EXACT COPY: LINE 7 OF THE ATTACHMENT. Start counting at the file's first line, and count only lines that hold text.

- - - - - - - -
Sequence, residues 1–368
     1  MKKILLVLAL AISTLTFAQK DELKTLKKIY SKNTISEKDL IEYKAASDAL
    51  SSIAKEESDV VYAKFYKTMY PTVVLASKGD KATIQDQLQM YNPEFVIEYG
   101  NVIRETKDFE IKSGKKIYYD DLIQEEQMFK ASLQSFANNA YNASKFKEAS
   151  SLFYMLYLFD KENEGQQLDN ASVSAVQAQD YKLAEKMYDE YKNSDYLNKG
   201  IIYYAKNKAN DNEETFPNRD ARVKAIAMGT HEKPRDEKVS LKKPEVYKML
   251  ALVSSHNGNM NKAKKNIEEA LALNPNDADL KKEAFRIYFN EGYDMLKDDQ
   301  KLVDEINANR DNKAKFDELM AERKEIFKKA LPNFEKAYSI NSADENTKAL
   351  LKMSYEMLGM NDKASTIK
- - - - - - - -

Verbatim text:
   251  ALVSSHNGNM NKAKKNIEEA LALNPNDADL KKEAFRIYFN EGYDMLKDDQ